Glaucoma is a disorder in which the optic nerve head at the back of the eye is damaged, leading to progressive, irreversible loss of peripheral vision. It is often, associated with an abnormally high pressure of the fluid in the eye (a high intraocular pressure or IOP) although some patients develop optic nerve damage at a relatively low intraocular pressure, while other patients may have a high intraocular pressure for years and yet never develop optic nerve head damage.
Untreated glaucoma leads to permanent damage of the optic nerve and a resultant visual field loss, which can progress to visual loss and ultimately to blindness.
A tonometer and slit lamp
Glaucoma can be divided into two main types: “open angle” and “closed angle” glaucoma. Closed angle glaucoma can occur suddenly and is often painful; visual loss can progress quickly but the discomfort often leads patients to seek medical attention before permanent damage occurs. Open angle glaucoma is the more common type prevalent in the U.K., affecting about 2% of the population over the age of 40. It is a chronic condition and tends to progress at a much slower rate and the patient may not notice that they have lost any visual field until the disease has become quite advanced.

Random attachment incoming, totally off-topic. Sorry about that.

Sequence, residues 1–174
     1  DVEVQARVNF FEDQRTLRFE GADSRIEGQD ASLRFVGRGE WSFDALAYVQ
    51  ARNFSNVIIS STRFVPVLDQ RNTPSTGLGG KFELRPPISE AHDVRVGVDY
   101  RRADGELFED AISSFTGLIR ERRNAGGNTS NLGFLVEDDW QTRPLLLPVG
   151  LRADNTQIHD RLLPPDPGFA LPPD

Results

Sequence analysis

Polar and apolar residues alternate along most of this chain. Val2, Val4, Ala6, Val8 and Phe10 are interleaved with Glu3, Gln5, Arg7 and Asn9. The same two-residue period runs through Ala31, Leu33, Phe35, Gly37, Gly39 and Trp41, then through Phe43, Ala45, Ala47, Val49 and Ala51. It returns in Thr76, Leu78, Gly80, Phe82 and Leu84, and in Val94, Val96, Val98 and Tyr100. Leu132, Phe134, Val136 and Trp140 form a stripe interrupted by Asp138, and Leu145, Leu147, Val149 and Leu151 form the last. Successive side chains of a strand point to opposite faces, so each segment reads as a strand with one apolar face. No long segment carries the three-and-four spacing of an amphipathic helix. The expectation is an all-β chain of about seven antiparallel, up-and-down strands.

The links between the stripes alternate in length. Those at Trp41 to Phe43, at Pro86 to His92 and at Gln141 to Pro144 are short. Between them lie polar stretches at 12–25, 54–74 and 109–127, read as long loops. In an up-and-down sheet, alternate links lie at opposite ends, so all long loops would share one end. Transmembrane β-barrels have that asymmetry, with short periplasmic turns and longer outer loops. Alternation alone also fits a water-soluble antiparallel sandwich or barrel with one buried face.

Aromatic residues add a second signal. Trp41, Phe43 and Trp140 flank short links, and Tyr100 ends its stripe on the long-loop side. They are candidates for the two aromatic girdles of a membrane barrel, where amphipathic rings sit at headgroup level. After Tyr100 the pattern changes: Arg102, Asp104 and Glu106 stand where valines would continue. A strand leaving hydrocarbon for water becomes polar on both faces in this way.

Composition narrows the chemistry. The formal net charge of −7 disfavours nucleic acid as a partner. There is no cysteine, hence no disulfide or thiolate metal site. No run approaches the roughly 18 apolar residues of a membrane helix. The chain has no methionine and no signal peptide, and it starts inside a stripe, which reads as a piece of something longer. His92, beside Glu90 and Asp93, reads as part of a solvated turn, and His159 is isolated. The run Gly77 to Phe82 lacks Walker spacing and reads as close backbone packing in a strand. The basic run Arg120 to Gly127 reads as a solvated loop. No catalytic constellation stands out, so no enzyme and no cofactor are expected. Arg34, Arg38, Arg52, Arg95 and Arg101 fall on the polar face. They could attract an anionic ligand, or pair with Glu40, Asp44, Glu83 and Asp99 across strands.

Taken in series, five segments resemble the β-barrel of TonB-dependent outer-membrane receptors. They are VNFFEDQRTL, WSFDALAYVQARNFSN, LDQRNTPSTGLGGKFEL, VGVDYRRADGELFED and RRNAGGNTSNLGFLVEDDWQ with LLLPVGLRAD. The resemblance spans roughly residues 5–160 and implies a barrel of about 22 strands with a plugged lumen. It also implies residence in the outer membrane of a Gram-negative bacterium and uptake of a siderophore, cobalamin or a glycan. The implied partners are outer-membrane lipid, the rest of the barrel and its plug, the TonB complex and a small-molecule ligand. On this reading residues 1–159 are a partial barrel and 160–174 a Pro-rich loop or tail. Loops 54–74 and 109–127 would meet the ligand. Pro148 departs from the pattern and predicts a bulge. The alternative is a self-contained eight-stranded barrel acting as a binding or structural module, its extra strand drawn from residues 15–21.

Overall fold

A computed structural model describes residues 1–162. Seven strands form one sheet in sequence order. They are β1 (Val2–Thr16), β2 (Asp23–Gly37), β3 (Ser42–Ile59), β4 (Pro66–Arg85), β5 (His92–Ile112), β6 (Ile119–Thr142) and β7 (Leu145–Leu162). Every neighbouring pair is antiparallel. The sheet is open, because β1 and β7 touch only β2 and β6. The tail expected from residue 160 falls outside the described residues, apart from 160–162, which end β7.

Glaucoma is mainly treated with eye drops which can be very effective. Some patients require laser treatment (e.g. laser trabeculoplasty) and a small proportion require glaucoma drainage surgery (trabeculectomy), which is often undertaken under “twilight anaesthesia”. In all cases, the aim of the treatment is to lower the intraocular pressure and thereby limit further optic nerve damage and slow down further progression of the condition.
The Preserflo TM microshunt glaucoma drainage system
This is a very new treatment for the management of glaucoma.
It offers a number of advantages over more traditional surgical approaches to the treatment of glaucoma:
- Significant and sustained reduction of IOP through the globally accepted and well-studied subconjunctival outflow pathway
- Minimally invasive subconjunctival approach bypasses all potential aqueous outflow obstructions
- Relatively undisturbed ocular surface tissue available after the procedure, leaving all other treatment options available for the patient’s future care
Mr Leon Au is an expert in the use of stents for the management of glaucoma.